Federal Ethanol Issues
RENEWABLE FUEL STANDARD IMPLEMENTATION
North Dakota’s ethanol industry supports the long-term implementation of the Renewable Fuel Standard (RFS). The RFS program was created under the Energy Policy Act (EPAct) of 2005 and established the first renewable fuel volume mandate in the United States. As required under EPAct, the original RFS program (RFS1) required 7.5 billion gallons of renewable fuel to be blended into gasoline by 2012.
Under the Energy Independence and Security Act (EISA) of 2007, the RFS program was expanded in several key ways:
EISA expanded the RFS program to include diesel, in addition to gasoline. EISA increased the volume of renewable fuel required to be blended into transportation fuel from 9 billion gallons in 2008 to 36 billion gallons by 2022.
EISA established new categories of renewable fuel and set separate volume requirements for each one.
EISA required EPA to apply lifecycle greenhouse gas performance threshold standards to ensure each category of renewable fuel emits fewer greenhouse gases than the petroleum fuel it replaces.
RFS2 lays the foundation for achieving significant reductions of greenhouse gas emissions from the use of renewable fuels, reducing imported petroleum, and encouraging the development and expansion of our nation's renewable fuels sector.
CORN STARCH AS AN ADVANCED BIOFUEL
North Dakota’s ethanol industry supports the inclusion of corn starch feedstocks in the definition of advanced biofuel. In order to encourage energy efficiency and ensure biofuels made in America can achieve the mandated levels of RFS2, it is proposed that legislation be amended to lift the exclusion of corn starch feedstocks from the definition of advanced biofuels.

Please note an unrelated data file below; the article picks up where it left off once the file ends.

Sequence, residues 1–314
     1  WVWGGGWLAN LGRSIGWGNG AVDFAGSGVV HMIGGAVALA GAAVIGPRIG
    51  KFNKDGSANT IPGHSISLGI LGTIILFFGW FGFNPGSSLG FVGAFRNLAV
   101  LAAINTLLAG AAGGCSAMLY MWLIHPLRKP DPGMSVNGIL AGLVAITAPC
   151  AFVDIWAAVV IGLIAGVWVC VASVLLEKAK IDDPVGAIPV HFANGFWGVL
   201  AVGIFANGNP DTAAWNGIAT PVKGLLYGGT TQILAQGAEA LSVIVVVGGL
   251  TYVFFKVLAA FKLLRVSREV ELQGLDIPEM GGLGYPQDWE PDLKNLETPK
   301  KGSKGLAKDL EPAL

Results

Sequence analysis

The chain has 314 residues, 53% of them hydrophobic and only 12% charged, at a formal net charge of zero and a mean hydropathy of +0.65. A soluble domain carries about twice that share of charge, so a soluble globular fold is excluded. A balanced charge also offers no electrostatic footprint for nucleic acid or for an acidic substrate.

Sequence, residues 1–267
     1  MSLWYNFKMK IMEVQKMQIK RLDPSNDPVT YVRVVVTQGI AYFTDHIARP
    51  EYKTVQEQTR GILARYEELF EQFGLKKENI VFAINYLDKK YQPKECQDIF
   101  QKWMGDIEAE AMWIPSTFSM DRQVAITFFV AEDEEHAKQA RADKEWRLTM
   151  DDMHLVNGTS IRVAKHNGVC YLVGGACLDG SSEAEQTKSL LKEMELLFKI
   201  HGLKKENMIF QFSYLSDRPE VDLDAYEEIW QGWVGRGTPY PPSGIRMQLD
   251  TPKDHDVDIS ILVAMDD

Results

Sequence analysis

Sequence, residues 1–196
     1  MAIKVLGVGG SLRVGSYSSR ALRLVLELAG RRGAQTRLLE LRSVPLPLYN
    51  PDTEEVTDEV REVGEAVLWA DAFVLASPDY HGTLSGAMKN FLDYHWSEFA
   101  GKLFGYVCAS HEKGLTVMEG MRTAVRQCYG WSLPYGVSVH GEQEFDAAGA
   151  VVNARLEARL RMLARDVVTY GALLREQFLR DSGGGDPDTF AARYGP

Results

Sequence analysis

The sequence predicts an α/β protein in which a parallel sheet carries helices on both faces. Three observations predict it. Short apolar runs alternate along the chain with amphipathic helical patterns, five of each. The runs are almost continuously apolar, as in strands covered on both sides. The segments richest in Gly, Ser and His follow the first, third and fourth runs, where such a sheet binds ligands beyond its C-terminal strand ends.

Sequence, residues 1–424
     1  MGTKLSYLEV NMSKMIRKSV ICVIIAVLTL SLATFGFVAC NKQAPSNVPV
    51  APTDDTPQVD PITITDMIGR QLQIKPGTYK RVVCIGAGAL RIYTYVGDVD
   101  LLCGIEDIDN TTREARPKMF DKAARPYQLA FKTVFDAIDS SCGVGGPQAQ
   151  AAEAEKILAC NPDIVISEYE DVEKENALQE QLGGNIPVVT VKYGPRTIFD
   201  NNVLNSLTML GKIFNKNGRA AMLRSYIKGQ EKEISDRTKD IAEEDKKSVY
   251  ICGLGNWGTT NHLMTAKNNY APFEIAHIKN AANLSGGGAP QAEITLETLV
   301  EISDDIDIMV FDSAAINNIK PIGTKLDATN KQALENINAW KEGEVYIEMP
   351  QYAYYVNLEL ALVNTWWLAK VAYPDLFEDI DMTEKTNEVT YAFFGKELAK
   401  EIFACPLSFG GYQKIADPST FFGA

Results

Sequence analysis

North Dakota’s ethanol industry supports the expansion of E15 in the marketplace.
North Dakota’s ethanol industry supports:
A comprehensive national infrastructure development plan, which would create fair market access for ethanol. This could be accomplished through the build-out of blender pumps, tanks and piping on a retail level nationwide; and identification of additional infrastructure needs (blending, transport and distribution) to accomplish the Renewable Fuels Standard.
A flexible fuel vehicle mandate that would require 100 percent of all vehicles manufactured and sold in the United States to be flexible fuel. This will allow consumers to choose higher-level blends.
INDIRECT LAND USE CHANGE
North Dakota’s ethanol industry encourages the rejection of the indirect land-use change (ILUC) theory by EPA. The ILUC theory uses speculative models and incorrect assumptions in an attempt to blame American farmers for deforestation in Brazil. The debate is focused on whether or not the carbon intensity of fuels like ethanol can or should include a penalty for theoretical, indirect economic effects. There is still no scientific consensus on ILUC, and the theory is not ready for regulatory usage. The North Dakota ethanol industry does not support ILUC in any legislation. It does support the adoption of a low carbon fuel standard that treats all fuels equally. The inclusion of an ILUC penalty against ethanol is not based on universally accepted science and puts our industry at an unfair disadvantage.
SMALL PRODUCER ETHANOL TAX CREDIT CONTINUATION
North Dakota’s ethanol industry supports and encourages the continuation of the Small Producer Ethanol Tax Credit. This credit is extremely important to the foundation of our industry.
IMPORT TARIFF CONTINUATION
North Dakota’s ethanol industry supports long-term commitment to the import tariff to ensure we are not subsidizing imported ethanol which would be counter intuitive to reducing our dependence on foreign energy.
North Dakota’s ethanol industry supports a regulatory climate that is favorable to capital investment in ethanol transport infrastructure, such as pipelines.